Cable News Network (CNN) reported October 13 that the North Korean leader, standing against a backdrop of missiles, said weapons are needed to defend the country against a “hostile” United States.
“The US has been frequently sending signals that they are not hostile towards our country, but there is no single evidence that they are not hostile,” Kim was quoted as saying.
Photos of the exhibition, released by state media KCNA, appeared to show what analysts believe is the Hwasong-16—one of the world’s largest ballistic missiles.
Also pictured is a hypersonic glide vehicle, which allows missiles to theoretically fly as fast as 20 times the speed of sound and can be very maneuverable in flight—making them almost impossible to shoot down, experts said.
Kim described the missiles as “our precious (weapons)” and said every country should maintain strong military power, even in peaceful times, according to CNN.
In a statement released August 30, the Vienna-based International Atomic Energy Agency (IAEA) said it is “deeply troubled” by indications that the Democratic People’s Republic of Korea appears to have restarted its Yongbyon nuclear reactor.
The 5-megawatt reactor is widely believed to have produced plutonium for nuclear weapons and is at the heart of North Korea’s nuclear program, the agency said.
At a news briefing, UN Spokesperson Stéphane Dujarric, said Secretary-General António Guterres was aware of the reports “and concerned by the latest developments”.
“He calls for the DPRK to refrain from any nuclear weapon-related activities and to resume talks with the other parties concerned.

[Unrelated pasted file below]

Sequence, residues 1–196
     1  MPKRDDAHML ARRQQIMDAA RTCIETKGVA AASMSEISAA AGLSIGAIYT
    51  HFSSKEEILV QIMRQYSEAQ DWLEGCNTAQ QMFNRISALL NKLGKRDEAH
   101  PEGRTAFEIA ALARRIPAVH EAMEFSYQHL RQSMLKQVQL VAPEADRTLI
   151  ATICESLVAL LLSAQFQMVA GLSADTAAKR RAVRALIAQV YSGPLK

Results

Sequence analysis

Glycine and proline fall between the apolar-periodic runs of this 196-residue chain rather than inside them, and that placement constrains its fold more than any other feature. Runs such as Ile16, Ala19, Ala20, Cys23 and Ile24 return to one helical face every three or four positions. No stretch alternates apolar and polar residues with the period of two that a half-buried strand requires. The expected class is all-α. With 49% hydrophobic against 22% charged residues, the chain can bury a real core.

“Diplomatic engagement remains the only pathway to sustainable peace and complete and verifiable denuclearization of the Korean Peninsula,” he added.
Asked about the status of its relationship with DPRK, Ned Price, Spokesperson for the US State Department, told reporters October 15: “As you know, part of our strategy when it comes to the DPRK is to work closely with our allies and partners, to work in lockstep with our allies and partners towards our ultimate objective—and that is the complete denuclearization of the Korean Peninsula. That is why we have put such a premium on our coordination, on our consultation with our Japanese allies, with our allies from the Republic of Korea”.
He pointed out that the first physical trip the US Secretary of State Anthony Blinken undertook, upon his confirmation in the job, was to Japan and the Republic of Korea. He was accompanied by the Secretary of Defense, where he met jointly with foreign minister counterparts and the minister of defense counterparts as well in a 2+2 format with—in Japan and South Korea.
“But we’re also committed to the trilateral relationship, knowing just how important it is. And we’ve had any number of opportunities to meet with our Republic of Korea and Japanese counterparts in a trilateral format,” he said.
In fact, Price said, the Secretary did that just the other week on the sidelines of the UN General Assembly in New York (late September). He has done that on other travels as well. Special Representative Sung Kim has done the same with his Japanese and South Korean counterparts.
“I don’t have any meetings to announce at this time but suffice to say that we are—we continue to work closely on a bilateral basis as well as on a trilateral basis with our Japanese and South Korean counterparts to advance that ultimate policy objective,” Price declared.
Asked about specific proposals, he said the US remains prepared to meet with the DPRK without preconditions to try to advance that overarching policy goal.
“We have conveyed messages and we have made specific proposals for discussion with the DPRK.”
“Those aren’t specific messages or proposals that we are in a position to detail, but our—the message we have been quite clear about is that we are ready and willing to engage in constructive diplomacy even as we continue to engage, as I said before, with our allies and partners around the world, including our allies in the Indo-Pacific, Japan, and the Republic of Korea,” Price added.